As tablets and smartphones go dual-core, C++ AMP aims to help more than a "select priesthood" of programmers build apps that can tap into that power.
A Microsoft official said the company plans to release tools that will make it easier for developers to build applications that can tap the full potential of parallel architectures--whether they're resident on the latest tablets and smartphones, or spread across virtualized environments in the cloud.
"This is the first year that mainstream tablets and smartphones are dual core. We're putting a heterogeneous supercomputer on every desk, in every living room, in every pocket," said Herb Sutter, Microsoft's principal architect for native languages. "It's no good if we can't write the code."
Sutter, who spoke Wednesday at AMD's Fusion Developer Summit in Bellevue, Wash., said the next version of Visual Studio, Visual Studio 2012, will offer tools that coders can use to write programs that work with a new extension to the C++ language. The extension, C++ Accelerated Massive Parallelism (C++ AMP), is designed to simplify the process of writing programs for heterogeneous, parallel architectures.
"There is a jungle of heterogeneity, and the question is, 'How do we program it?'," said Sutter.
In a heterogeneously parallel architecture, compute tasks are spread unevenly across multi-core CPUs and graphics processing units. The tasks best suited for a particular chip or core are shunted in that direction. For example, Microsoft's Xbox Kinect system relies on a number of highly specialized cores to determine a player's body position, and distributes the computational workloads across numerous chips. In the cloud, tasks may be spread across processing units that may not even be resident on the same physical server and possibly not even in the same city.
Programming for such environments is difficult, and has been mastered only by a select "priesthood," said Sutter.
C++ AMP aims to simplify the process by abstracting many of the hands-on tasks required for heterogeneous parallel programming into the familiar Visual Studio object-based environment. "It's not a research project, it's about the next version of Visual Studio," said Sutter. As its name suggests, Visual Studio 2012 will likely be released next year, but a specific ship date has not been announced.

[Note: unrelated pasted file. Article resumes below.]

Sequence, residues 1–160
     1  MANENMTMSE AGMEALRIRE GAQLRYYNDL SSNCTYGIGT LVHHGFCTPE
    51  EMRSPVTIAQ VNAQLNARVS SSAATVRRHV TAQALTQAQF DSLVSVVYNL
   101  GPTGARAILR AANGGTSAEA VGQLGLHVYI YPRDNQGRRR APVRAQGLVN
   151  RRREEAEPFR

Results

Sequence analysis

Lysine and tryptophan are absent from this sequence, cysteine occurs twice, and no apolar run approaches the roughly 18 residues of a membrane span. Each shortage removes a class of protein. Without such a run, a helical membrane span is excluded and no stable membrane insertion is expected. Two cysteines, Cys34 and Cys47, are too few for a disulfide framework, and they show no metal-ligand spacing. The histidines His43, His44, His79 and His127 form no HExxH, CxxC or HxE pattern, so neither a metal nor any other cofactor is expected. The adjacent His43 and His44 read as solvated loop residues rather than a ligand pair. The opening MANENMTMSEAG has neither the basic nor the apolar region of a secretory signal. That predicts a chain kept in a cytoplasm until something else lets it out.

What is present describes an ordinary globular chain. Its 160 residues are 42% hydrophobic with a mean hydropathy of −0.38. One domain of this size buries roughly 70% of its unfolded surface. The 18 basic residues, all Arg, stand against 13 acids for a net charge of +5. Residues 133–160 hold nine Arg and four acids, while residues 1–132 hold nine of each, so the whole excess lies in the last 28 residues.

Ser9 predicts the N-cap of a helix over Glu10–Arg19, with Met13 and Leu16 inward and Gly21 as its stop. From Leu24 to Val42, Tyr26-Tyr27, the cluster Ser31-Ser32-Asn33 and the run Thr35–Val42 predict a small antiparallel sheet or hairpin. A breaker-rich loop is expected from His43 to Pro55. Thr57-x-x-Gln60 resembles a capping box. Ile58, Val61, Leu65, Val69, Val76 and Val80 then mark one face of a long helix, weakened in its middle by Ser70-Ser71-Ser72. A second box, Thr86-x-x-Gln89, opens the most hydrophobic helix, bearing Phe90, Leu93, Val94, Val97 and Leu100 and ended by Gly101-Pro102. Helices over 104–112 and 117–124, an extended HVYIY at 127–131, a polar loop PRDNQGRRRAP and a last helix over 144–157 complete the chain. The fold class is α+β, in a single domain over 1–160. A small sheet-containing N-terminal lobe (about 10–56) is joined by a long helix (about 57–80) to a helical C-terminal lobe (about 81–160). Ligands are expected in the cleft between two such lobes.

Some developers may be concerned that C++ AMP will lock their apps into Microsoft environments such as the Azure cloud or Windows Phone. Other cloud platform providers, like Amazon and Salesforce, offer development tools but also are open to C++ programs, either directly or through APIs. Sutter said Microsoft plans to publish the code as an open standard that can be implemented on multiple platforms.
Graphics chipmaker Nvidia, which has given Microsoft first right of refusal on any acquisition attempt, became the first third-party vendor to publicly endorse C++ AMP. "Rest assured, Nvidia continues to work closely with Microsoft to help make C++ AMP a success, and we will continue to deliver the best GPU developer tools and training," a Nvidia official said in a statement. It's expected AMD will also support the technology. Intel has not weighed in.
The development of C++ AMP is in keeping with a larger philosophy taking hold at Microsoft that has the company looking for ways to make it easier for tech-savvy end users to build and publish their own programs--an approach that Apple used successfully to stock its App Store with millions of apps.
"The most downloaded free app was Bubble Ball, it was written by a 14-year-old kid. That's what developers look like now in addition to the professional developers," said Tim O'Brien, Microsoft's director of platform strategy, in an interview with InformationWeek editors last week at the company's campus in Redmond, Wash. "That hobbyist has been and will continue to be super-important to us from the engagement standpoint. But we're casting a much, much wider net now than we ever have before."
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